By Sharon Franklin.
Tim Carpenter, reporter for the Kansas Reflector, recently reported a massive oil spill that is distorting a Kansas couple’s confidence in the integrity of the Keystone pipeline. The rupture of TC Energy’s 36-inch steel pipe has released 13,000 barrels of heavy crude in Washington, Kansas.
Chris and Bill Pannbacker, beef and crop producers who grew up in a farmhouse less than 1-mile from the pipeline break, found a major break in the TC Energy Keystone pipeline that poured crude oil “black-as-night” on their livestock’s grazing land and into the Mill Creek. The Federal regulators told them the accident was because of problems with design construction and operation of the pipeline. Meanwhile, TC Energy blamed a faulty weld in a bend that cracked under stress.
How Did This Happen? On December 7, there was an alarming pressure drop in the Keystone’s pipeline, and equipment showed the rupture; however, before the Keystone pipeline could be shut down as much as 500,000 gallons of crude oil were discharged. It has affected vegetation and infected the modest creek. Under the oversight of the U.S. Environmental Protection Agency (EPA), the U.S. Army Corps of Engineers, and the Kansas Department of Health and Environment, TC Energy reopened the pipeline in three weeks, with restoration plans to proceed.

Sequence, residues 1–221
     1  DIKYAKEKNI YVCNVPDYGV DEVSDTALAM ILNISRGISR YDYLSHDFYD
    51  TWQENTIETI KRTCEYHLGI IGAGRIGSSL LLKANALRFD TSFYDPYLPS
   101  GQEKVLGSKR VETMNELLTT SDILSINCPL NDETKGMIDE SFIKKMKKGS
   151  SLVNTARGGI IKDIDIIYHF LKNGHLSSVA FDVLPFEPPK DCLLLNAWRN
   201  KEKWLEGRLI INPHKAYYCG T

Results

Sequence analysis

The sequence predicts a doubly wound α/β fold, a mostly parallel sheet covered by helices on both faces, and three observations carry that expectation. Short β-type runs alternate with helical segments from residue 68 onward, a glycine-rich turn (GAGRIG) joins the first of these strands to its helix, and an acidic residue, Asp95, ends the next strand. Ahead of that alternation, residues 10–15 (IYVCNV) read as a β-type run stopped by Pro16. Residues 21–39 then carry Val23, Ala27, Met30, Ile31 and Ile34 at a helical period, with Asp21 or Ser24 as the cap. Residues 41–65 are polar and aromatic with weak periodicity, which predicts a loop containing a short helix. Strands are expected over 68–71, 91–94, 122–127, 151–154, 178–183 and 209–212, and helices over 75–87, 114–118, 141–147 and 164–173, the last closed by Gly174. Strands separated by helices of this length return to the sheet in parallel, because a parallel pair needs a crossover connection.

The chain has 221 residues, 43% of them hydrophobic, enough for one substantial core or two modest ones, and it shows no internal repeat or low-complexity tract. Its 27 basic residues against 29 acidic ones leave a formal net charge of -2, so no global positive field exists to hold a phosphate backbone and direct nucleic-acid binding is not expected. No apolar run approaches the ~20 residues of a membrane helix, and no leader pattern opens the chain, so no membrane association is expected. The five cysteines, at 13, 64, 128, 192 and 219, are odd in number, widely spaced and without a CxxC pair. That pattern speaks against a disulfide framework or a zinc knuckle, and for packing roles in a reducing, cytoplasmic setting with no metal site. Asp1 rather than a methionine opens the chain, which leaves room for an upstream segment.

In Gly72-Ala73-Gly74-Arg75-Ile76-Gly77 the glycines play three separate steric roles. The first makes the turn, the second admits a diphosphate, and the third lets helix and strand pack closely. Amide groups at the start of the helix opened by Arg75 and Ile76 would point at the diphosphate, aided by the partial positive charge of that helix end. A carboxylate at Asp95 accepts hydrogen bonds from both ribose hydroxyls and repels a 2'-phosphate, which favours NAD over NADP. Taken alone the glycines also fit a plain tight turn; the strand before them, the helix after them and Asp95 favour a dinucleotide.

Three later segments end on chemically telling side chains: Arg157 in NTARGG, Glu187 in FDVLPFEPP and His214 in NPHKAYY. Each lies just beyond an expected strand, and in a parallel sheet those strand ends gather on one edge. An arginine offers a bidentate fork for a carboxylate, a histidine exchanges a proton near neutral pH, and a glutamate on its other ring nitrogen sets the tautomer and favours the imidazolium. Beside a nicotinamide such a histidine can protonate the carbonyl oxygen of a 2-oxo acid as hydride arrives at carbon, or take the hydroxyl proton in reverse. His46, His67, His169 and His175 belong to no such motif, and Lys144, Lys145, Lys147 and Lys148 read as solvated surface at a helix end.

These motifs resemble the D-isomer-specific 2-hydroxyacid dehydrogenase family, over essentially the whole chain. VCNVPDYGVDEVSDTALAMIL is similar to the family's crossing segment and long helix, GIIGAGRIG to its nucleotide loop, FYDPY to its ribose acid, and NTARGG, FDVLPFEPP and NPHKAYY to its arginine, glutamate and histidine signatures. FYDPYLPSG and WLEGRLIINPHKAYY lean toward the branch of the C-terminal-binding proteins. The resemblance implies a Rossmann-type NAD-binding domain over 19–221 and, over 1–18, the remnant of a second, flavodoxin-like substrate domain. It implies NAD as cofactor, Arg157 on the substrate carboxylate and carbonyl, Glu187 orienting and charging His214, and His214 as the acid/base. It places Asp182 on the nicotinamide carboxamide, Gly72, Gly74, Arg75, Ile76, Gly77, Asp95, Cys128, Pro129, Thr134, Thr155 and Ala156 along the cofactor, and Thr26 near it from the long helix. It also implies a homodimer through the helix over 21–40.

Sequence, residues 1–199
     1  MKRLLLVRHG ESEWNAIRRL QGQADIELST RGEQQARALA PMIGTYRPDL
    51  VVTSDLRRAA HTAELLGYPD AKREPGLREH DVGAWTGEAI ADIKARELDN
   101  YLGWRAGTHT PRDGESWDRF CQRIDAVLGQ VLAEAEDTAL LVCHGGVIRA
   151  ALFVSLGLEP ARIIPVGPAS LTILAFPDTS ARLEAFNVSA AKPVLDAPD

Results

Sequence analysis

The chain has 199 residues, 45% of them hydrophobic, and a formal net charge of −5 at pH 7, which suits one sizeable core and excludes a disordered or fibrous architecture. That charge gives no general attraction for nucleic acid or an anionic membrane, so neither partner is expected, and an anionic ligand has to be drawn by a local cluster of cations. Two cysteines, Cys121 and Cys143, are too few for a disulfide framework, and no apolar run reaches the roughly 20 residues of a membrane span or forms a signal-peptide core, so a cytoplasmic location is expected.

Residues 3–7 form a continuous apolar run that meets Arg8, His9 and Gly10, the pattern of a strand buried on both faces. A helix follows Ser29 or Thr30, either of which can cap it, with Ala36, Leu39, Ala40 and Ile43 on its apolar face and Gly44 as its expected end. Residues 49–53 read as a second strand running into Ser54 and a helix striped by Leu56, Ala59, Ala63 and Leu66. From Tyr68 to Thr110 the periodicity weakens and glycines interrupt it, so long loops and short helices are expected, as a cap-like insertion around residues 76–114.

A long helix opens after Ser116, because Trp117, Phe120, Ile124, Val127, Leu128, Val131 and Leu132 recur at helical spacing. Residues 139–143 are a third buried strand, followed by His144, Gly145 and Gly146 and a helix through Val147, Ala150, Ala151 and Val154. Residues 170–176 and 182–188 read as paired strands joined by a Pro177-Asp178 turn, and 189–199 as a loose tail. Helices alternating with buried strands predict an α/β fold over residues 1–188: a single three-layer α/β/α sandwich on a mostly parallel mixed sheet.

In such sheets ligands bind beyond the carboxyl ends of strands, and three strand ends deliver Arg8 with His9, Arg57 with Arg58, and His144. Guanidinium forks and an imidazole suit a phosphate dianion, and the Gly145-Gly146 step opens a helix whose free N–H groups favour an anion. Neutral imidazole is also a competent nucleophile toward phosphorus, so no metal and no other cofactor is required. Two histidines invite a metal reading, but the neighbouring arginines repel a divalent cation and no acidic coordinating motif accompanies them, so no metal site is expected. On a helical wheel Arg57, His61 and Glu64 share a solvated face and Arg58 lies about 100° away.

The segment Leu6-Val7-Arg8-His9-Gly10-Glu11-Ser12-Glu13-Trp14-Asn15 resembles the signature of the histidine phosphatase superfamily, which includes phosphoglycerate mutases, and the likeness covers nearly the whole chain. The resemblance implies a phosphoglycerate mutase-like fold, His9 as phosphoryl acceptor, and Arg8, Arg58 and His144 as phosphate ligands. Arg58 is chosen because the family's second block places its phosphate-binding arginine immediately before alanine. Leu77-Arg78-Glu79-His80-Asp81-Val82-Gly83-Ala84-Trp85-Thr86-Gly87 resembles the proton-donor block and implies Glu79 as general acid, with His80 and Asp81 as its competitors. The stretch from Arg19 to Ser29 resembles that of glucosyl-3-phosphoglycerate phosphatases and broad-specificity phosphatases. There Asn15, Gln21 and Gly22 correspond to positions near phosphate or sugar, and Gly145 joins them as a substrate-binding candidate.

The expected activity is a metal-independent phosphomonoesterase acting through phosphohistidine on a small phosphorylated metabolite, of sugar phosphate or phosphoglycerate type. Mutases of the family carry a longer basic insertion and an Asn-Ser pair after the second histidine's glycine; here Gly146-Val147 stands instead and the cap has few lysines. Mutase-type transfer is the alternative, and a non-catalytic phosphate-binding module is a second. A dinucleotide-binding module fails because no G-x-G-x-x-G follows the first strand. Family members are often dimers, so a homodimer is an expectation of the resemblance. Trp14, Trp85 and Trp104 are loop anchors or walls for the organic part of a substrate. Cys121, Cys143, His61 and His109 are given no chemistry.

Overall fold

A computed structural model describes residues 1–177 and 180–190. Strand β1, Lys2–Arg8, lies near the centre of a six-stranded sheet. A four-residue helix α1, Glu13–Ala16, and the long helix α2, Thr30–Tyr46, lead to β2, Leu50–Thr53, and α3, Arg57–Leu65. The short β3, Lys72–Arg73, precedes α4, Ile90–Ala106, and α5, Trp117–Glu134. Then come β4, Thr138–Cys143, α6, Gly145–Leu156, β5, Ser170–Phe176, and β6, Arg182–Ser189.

Unfortunately for the Pannbackers, they were involuntarily drawn into this environmental nightmare, more than 6 months ago, and are still being affected by the relatively quick repairs. During the clean-up, they have had an unobstructed view of work being done to remediate the area by a fleet of heavy equipment (excavators, bulldozers, trucks) tasked with the removal of oil-saturated soil for disposal. According to EPA, the $480 million project to remove oil and chemical pollution and to remediate the area continues.
The Pannbackers are planning to eventually move back to their family farm but are uneasy about the potential of another break in the pipeline, as Bill Pannbacker verbalized “You’re damn right! If that line blows on top of that hill, it’s going to shoot oil all over. It’s going to cover that valley. I don’t have the confidence in the line that I did before.” Bill Pannbacker added, “I am impressed with the cleanup effort and the intensity of the cleanup effort,” However, it hasn’t quashed his apprehension and as he knows the clock is ticking toward a repeat of the pipeline catastrophe.